In a 20-minute meeting Tuesday, the Killeen City Council approved two ordinance revisions — one of which will provide more oversight of new developments, through an updated platting process.
The other ordinance revision reflects how the city will conserve its available water supply in case of a drought.
The council voted unanimously to approve the city’s new plat requirements regarding the development of subdivisions.
In December, the council was approached by city staff on updating the development codes, starting with the subdivision regulation.
According to officials, the council then directed staff to initiate a mandatory preliminary plat update with the Planning and Zoning Commission, which unanimously approved the ordinance amendments.
Part of the new update is for construction plans be released prior to being deemed filed and “that infrastructure or guarantee of completion be accepted prior to recordation of final plat.”
According to Hilary Shine, the city’s executive communications director, changes to the current Chapter 26 ordinance — subdivisions and other property developments — are intended to help better manage and plan for growth by applying a more measured approach to development.
“Requiring preliminary plats is expected to help provide a more complete picture of total development rather than looking at independent phases. It would also give more detailed information related to infrastructure and density,” she said.
Shine also added the update will not affect the city financially and impact fees are not involved, as talks are still underway — the council will be presented with a final draft of the impact fee study in July.
During Tuesday’s meeting, no residents came forward at the public hearing on the plat requirements and Councilman Steve Harris was the lone representative who asked questions.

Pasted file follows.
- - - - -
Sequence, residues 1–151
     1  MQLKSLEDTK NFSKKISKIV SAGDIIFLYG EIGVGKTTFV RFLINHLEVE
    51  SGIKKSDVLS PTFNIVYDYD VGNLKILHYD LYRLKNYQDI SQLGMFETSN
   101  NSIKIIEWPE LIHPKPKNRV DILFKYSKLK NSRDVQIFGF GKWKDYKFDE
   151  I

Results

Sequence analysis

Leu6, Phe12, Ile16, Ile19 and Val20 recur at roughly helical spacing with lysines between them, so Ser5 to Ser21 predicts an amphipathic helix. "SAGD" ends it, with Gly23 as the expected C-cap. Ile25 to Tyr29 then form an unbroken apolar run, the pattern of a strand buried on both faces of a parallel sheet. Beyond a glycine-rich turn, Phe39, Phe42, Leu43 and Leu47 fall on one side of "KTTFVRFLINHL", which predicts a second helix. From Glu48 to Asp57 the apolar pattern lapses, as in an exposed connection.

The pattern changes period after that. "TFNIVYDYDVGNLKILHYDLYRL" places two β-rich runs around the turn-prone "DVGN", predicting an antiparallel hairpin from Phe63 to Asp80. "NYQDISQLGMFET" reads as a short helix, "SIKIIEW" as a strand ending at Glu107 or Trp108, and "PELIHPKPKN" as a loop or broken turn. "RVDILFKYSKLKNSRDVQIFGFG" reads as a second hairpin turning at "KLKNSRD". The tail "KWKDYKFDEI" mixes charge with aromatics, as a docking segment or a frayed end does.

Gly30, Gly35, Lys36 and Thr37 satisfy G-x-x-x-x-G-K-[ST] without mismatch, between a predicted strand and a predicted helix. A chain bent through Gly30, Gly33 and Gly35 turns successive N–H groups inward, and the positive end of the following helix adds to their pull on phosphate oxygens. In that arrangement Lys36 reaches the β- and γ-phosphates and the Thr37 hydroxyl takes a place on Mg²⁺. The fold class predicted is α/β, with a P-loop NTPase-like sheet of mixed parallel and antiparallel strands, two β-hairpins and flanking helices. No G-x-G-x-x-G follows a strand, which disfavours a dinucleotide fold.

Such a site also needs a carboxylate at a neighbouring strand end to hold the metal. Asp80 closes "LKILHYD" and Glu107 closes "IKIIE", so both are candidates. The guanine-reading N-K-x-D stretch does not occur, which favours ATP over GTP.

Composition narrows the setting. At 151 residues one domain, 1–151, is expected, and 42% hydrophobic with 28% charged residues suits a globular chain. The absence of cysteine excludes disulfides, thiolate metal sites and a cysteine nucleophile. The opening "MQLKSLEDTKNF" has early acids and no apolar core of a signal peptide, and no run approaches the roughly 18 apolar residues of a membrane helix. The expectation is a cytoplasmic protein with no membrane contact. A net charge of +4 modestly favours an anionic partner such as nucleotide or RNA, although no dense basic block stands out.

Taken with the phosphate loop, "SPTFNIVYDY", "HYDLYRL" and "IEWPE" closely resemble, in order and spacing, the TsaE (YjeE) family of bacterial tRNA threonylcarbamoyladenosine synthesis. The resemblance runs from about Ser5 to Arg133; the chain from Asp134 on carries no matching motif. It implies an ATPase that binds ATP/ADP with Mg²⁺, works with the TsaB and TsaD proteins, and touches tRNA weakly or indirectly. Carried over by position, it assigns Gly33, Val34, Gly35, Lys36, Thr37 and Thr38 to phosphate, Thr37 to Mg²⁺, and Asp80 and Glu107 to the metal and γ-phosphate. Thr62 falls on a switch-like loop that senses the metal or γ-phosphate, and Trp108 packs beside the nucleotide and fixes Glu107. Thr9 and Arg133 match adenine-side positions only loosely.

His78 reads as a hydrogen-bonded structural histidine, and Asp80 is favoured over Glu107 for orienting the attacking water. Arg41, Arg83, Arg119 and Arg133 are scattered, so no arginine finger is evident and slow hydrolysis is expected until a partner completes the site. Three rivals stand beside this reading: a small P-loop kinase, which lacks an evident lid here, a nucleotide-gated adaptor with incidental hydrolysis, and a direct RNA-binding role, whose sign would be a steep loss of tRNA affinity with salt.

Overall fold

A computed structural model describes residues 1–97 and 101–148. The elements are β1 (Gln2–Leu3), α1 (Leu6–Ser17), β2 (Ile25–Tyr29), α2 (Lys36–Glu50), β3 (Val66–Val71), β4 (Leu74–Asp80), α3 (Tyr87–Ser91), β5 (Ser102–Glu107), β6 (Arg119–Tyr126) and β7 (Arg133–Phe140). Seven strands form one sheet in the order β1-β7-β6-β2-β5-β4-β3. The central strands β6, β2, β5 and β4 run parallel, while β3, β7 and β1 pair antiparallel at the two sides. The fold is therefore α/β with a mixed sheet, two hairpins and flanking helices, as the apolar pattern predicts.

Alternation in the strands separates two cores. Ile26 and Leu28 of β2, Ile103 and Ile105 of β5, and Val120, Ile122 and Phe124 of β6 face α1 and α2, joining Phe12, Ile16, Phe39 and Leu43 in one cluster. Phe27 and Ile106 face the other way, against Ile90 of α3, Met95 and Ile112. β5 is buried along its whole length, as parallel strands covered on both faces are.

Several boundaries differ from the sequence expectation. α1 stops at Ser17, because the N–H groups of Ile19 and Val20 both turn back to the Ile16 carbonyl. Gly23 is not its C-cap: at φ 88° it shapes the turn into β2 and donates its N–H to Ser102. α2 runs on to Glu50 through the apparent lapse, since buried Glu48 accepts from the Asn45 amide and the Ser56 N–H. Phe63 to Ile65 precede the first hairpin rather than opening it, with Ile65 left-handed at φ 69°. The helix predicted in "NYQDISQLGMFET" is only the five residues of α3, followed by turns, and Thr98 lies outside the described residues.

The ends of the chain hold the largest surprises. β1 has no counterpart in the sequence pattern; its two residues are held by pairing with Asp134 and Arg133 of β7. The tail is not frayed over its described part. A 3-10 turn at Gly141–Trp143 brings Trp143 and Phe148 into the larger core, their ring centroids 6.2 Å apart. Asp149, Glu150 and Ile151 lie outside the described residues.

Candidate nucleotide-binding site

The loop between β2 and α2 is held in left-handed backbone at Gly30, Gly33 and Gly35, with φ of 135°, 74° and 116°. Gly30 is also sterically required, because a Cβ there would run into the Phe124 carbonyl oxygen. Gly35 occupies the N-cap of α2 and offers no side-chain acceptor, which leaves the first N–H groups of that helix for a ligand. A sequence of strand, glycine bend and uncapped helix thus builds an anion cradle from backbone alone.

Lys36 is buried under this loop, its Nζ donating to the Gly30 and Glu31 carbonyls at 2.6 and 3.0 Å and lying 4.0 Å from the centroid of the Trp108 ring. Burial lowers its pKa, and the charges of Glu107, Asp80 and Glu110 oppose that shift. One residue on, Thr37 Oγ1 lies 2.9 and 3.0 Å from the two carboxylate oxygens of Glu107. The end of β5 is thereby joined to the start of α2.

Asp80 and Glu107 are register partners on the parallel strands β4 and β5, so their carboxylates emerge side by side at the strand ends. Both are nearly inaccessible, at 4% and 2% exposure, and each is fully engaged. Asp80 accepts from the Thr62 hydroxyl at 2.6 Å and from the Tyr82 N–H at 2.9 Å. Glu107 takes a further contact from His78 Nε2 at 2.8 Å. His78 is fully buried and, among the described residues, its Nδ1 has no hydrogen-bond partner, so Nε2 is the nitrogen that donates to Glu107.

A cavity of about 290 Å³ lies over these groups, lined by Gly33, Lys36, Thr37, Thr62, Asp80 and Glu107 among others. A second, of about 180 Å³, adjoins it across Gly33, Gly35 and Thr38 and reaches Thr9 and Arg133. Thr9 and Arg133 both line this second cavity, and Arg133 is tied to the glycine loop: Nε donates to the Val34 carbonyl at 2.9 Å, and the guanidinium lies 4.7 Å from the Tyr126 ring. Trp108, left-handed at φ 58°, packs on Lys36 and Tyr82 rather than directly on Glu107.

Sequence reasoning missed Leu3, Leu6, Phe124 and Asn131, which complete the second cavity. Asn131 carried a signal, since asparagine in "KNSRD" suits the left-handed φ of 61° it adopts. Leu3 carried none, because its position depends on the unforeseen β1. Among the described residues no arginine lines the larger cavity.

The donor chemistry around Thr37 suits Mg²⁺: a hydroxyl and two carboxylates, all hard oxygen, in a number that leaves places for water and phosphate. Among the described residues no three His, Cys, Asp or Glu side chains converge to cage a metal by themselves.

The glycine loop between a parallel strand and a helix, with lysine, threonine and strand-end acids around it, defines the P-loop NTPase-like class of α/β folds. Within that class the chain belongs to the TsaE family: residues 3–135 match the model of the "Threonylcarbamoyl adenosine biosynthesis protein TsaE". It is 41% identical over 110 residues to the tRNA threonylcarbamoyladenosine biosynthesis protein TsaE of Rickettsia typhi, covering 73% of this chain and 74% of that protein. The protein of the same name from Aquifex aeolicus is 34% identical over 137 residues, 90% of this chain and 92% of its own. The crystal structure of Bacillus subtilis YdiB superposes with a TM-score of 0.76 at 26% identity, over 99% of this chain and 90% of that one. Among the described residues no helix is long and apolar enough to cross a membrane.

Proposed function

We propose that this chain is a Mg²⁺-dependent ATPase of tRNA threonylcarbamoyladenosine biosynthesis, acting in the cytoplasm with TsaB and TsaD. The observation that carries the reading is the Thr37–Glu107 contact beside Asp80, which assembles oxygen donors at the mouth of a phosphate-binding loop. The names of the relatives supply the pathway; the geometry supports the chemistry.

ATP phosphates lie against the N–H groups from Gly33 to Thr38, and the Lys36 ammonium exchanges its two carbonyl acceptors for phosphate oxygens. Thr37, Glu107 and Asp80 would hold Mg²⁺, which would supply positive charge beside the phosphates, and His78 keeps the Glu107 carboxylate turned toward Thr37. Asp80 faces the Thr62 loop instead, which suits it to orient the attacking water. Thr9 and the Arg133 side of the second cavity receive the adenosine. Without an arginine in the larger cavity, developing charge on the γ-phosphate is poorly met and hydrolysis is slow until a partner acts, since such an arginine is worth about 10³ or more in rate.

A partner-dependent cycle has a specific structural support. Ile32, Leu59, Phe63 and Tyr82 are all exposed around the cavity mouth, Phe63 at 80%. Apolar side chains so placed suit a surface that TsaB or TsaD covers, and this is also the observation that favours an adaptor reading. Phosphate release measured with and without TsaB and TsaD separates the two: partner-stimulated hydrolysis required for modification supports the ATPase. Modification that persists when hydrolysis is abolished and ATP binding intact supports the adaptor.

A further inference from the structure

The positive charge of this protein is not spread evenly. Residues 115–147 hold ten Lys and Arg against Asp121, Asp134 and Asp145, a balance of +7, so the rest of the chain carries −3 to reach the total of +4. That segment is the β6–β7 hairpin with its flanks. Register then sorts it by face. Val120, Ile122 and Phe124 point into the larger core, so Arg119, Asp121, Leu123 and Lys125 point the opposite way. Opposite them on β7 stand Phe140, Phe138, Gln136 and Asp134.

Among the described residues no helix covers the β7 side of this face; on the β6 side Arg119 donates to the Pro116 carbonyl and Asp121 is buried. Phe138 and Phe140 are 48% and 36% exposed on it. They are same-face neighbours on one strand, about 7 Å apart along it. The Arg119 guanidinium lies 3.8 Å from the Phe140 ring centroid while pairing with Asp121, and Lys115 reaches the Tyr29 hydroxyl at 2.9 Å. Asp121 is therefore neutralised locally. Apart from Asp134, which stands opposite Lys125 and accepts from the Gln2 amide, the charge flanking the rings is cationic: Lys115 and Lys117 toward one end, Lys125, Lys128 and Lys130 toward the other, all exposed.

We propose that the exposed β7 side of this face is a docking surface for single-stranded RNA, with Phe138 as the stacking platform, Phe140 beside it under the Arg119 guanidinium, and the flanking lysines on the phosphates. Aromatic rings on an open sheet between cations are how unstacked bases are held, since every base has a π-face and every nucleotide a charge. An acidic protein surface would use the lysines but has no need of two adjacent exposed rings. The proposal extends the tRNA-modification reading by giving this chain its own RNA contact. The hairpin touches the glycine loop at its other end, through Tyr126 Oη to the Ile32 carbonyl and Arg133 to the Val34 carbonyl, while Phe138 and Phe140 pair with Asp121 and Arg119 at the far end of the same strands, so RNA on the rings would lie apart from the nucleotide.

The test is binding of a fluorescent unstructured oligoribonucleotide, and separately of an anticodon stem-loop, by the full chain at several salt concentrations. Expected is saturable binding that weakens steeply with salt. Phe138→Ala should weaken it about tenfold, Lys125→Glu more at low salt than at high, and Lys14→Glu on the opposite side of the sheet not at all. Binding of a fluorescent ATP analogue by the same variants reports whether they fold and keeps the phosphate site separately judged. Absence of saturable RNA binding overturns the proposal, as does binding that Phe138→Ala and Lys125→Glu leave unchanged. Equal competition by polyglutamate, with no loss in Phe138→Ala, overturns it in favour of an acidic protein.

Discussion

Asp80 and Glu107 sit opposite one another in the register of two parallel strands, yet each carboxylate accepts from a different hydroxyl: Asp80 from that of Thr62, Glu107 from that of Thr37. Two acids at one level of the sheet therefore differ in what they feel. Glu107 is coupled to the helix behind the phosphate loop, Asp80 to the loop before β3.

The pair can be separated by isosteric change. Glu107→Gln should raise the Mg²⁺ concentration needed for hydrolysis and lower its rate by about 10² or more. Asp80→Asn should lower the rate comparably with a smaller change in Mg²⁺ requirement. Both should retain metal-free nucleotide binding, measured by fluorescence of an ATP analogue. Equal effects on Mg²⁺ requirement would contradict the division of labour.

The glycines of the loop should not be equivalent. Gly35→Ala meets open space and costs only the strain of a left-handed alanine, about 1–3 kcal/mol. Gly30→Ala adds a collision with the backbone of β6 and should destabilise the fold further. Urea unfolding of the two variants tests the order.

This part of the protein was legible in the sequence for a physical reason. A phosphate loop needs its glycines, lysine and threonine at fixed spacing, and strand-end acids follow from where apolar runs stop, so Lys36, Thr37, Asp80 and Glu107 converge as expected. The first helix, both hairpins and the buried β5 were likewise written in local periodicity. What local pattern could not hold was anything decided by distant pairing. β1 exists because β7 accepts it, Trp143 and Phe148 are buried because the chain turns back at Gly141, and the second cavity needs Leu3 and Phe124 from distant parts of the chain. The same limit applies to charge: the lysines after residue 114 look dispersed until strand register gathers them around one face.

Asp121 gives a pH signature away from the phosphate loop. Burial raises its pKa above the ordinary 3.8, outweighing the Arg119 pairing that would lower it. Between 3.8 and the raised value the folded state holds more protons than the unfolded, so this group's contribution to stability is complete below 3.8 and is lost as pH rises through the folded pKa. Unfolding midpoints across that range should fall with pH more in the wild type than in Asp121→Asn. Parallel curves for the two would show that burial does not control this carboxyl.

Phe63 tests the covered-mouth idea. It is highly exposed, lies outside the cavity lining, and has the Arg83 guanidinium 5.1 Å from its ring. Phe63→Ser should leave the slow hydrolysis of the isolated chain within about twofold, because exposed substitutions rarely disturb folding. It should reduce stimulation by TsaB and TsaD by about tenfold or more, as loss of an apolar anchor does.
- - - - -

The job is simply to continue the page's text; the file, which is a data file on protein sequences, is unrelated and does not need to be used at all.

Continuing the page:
Harris, who represents District 4, questioned if there were opportunities for developers to seek “loopholes” when it comes to planning a development.
Ray Shanaa, planning and development services executive director, answered Harris, stating the city staff is entrusted would do their best to be vigilant in complying with the ordinance.
The new plat requirements will go into effect in 30 days, after allowing for an appropriate transition period to the new regulations.
Earlier in the meeting, the council was presented with a recommendation from interim Executive Director of Public Works Danielle Singh to repeal and replace Chapter 30, Article 1, currently titled Water Conservation.
Singh said the city is required every five years to submit an updated water conservation and drought contingency plan to the Texas Commission Environmental Quality and the Texas Water Development Board.
The revised ordinance — titled Water Conservation and Drought Contingency Plan — highlights procedures including drought response measures, its coordination with regional water planning groups and who will authorized to initiate water monitoring.
In the updated plan, four stages of water shortage are described as mild, moderate, severe and critical, each with a specific protocol. The plan also states the city manager or a designee will monitor water supply and/or demand conditions on a regular basis “to determine when conditions warrant initiation or termination of each stage of the plan, that is, when the specified “triggers” are reached.”
In any case of a level to be initiated or terminated, the public will be notified through public notice in the Killeen Daily Herald and the city’s website, as well as public service announcements on local radio and TV stations.
City council voted unanimously and without further discussion on the Water Conservation and Drought Contingency Plan. It will be officially placed in the city’s charter on May 1.